At the crossroads: Helping buyers is not just about easing the process
With the first half of 2019 in the books, the mortgage industry finds itself at a crossroads. On the one hand, new innovations are pushing the market closer than ever toward digital mortgages, which is surely something to be excited about. On the other hand, too many would-be homebuyers are struggling to get their share of the American dream.
Here are three trends taking shape in 2019, and where I think they will lead.
The housing market is in flux
While each housing market is different, most markets are in what I would call an adjustment phase. Several major metro markets, like Los Angeles, Chicago and New York, are no longer affordable for first-time buyers, especially younger ones. We're also seeing many young people moving to cities like Seattle, Portland and Austin, which has pushed home prices in these markets to unaffordable levels as well.
For younger buyers in these markets, buying a home based on what they can afford may mean getting three or four people to share in the cost of a home. Meanwhile, in many other markets, a soft adjustment is taking place with declining appreciation and decreasing inventories. And still in other markets, home prices remain affordable to first-time buyers.
So, we're really seeing a very diverse market for buyers, while affordability concerns continue to grow. During the rest of the year, I expect first-time homebuyers should remain at the low 30% range of all homebuyers. That's assuming mortgage rates remain favorable, which they will.
Homebuyers need more help
One reason affordability continues to be a concern is the elimination of homebuyer and homeowner benefits during the last round of tax changes. Politicians may tell us people are still buying homes despite these changes. I believe they're hurting buyers, especially considering current market conditions.
Tax benefits for homeownership are important in any market, but especially when housing affordability is falling as it is today due, in part, to low inventory. In fact, according to the latest National Association of Home Builders/Wells Fargo Housing Opportunity Index, housing affordability fell to nearly a 10-year low in the first quarter of the year.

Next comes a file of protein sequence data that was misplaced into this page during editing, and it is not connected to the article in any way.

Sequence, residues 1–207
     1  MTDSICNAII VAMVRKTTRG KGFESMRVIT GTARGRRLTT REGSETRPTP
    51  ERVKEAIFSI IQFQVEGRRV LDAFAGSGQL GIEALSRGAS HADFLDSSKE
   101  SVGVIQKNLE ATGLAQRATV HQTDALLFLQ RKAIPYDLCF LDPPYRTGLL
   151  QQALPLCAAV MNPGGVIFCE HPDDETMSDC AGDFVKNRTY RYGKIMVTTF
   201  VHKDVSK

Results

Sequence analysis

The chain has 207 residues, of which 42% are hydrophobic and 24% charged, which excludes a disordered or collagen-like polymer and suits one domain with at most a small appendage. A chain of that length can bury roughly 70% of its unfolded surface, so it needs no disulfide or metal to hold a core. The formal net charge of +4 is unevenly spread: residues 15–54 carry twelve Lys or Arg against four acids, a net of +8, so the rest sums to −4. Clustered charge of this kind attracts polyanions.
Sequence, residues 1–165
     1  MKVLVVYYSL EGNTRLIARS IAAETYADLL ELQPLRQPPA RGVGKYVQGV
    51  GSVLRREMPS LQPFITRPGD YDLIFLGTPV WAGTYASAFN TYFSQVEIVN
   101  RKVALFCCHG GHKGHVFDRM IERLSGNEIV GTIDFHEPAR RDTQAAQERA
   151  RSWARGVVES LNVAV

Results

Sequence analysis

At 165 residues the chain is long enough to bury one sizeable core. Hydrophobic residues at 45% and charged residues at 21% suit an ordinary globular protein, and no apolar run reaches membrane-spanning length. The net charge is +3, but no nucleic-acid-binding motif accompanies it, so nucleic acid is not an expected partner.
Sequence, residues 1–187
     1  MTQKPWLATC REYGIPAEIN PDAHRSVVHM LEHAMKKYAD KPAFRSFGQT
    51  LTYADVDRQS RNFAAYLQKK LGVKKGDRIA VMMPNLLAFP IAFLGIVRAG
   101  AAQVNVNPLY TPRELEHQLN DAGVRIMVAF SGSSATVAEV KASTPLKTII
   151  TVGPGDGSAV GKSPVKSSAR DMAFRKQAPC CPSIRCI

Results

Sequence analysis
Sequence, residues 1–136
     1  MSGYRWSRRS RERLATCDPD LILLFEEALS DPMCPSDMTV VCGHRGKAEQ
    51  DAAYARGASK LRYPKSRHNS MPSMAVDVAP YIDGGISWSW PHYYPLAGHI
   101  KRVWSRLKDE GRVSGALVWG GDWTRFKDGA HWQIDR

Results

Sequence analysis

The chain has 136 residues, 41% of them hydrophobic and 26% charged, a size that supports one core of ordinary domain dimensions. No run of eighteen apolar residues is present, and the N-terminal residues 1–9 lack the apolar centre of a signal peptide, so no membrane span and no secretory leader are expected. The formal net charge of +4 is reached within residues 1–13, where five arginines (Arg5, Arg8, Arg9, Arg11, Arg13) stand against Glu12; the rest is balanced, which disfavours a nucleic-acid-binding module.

Potential move-up homebuyers in moderate-priced properties lose the incentive to move up from their current homes without the mortgage interest rate and property tax deductions to offset buying higher priced homes.
Federal and state governments need to step up and provide more incentives for all buyers, particularly first-time buyers, as they've done in the past. We also need more support from the National Association of Realtors, the Mortgage Bankers Association and other housing groups in Washington. These groups should be pushing harder to get incentives back on track.
At some point, the housing market will either flatten or decline, or both. When that happens, we'll need to have tax legislation in place that gives first-time buyers, retirees and ordinary Americans who want to invest in real estate a reason to invest in their share of the American dream. For everyone's sake, let's hope that we do.
A better consumer experience
One of the most positive things that has happened in our industry over the past year is the impact that automation has had on the consumer experience. While borrowers have been able to shop for homes and apply for mortgages online for some time, today's online dashboards, shared by borrowers and lenders, are bringing greater transparency to all parties in real estate transactions, leading to faster, more efficient closing processes.
So far in 2019, we've seen rampant progress toward remote online notarizations and e-closings, which are important components of achieving fully digital mortgages. Before the year's end, we may see several more U.S. states join the nearly two dozen others that have legalized e-notarizations. I also see RONs being a key component of more collaborative and transparent digital mortgage processes that are quickly taking shape.
Of course, innovation alone isn't going to keep the housing market healthy or make housing more affordable. But it can make the process less frustrating and more efficient for consumers — plus the impact of the changes happening in the industry today are going to have long-lasting cost benefits for the future. For those of us involved in this effort, it's an exciting prospect and certainly something to be proud of moving forward in 2019 and beyond.